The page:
The proportion of the sample that relapsed across pregnancy is shown in Table 3. Forty-three percent of women in the sample relapsed during pregnancy, and half of those relapsed during the first trimester. Among women who maintained their medication throughout the pregnancy, 26% relapsed compared with 68% of those who discontinued their medication. Women who increased or decreased their medication had a rate of relapse between those who maintained and those who discontinued their medication (45% and 35%, respectively). Mean HAM-D scores at the time of relapse for those who discontinued or maintained their antidepressant therapy were 23.7 (SD = 7.4) and 20.8 (SD = 7.5), respectively. No participants attempted suicide during the course of the study. For those who discontinued (n = 65) or decreased their antidepressant (n = 34) from their optimum dose at baseline, 60 participants (61%) reintroduced antidepressant therapy during pregnancy.
We used a life-table approach to assess time to relapse as a consequence of medication status over the course of the pregnancy. As shown in the Figure, women who increased or discontinued their medication had a more rapid time to relapse than those who maintained or decreased their medication. The magnitude of this difference is shown in Table 4 using Cox proportional hazards. After adjustment for the main effects of clinical center, marital status, number of prior episodes, and type of medication used at the start of pregnancy with no interactions, women who discontinued their medication had a 5-fold increased risk of relapse over the course of their pregnancy compared with women who maintained their medication. To determine if this association was driven by those women who miscarried or electively terminated their pregnancies, or by those who were lost to follow-up or chose to discontinue participation in the study, we restricted the sample to only those women who were followed up until delivery. We found that the association was even stronger in this smaller sample. Last, in the Figure we note that among women who discontinued their antidepressant, medication reintroduction attenuated the risk of relapse, but this risk was still substantially greater than that seen in women who maintained their current medication status.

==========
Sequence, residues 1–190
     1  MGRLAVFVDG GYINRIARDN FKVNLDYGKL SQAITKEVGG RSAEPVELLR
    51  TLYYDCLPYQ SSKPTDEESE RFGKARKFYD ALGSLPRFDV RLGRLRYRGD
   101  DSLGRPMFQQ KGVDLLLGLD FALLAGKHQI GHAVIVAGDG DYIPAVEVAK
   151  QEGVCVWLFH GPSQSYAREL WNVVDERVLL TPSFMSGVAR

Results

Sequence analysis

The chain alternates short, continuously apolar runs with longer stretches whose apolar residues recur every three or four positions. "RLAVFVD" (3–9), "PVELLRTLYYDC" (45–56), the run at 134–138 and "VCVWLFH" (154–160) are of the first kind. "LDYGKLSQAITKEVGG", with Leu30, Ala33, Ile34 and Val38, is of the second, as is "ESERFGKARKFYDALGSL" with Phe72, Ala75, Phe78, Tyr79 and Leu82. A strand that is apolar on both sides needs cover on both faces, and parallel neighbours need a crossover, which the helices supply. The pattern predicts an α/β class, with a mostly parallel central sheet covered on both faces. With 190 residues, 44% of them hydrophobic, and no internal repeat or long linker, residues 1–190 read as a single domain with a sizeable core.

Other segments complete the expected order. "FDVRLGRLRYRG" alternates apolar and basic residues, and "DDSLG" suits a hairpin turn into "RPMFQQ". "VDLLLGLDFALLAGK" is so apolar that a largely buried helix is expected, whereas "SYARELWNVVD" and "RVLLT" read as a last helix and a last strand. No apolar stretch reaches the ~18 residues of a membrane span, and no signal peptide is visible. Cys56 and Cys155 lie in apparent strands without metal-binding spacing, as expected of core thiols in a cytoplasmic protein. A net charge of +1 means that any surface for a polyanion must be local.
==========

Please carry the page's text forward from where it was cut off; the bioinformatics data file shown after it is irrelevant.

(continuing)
We examined whether certain demographic and clinical variables were associated with relapse of depression during pregnancy. No statistically significant association was noted between race, educational status of partner, and baseline antidepressant treatment and depressive relapse during pregnancy. However, there was a trend for married patients to be somewhat protected against relapse of depression compared with single patients (HR, 0.4; 95% CI, 0.1-1.3; P = .13). Women who were older than 32 years were noted to have a 60% reduction in the rate of relapse compared with younger women (<32 years) (HR, 0.4; 95% CI, 0.2-0.8; P = .01). Given the extent to which duration of depressive illness and number of previous episodes of depression predict risk of recurrent depression,32-34 we also investigated the association between these variables and relapse of depression during pregnancy adjusting for all other demographic and clinical variables (age, race, education, education of partner, marital status, baseline antidepressant therapy) and medication change (if any) (ie, discontinuation or increase of antidepressant). Both duration of depressive illness (>5 years) and history of more recurrent depressive illness (>4 episodes) were associated with a significant increase in risk of depressive relapse during pregnancy (HR, 2.7; 95% CI, 1.5-4.7; P = .009; HR, 3.6; 95% CI, 1.9-7.0; P<.001).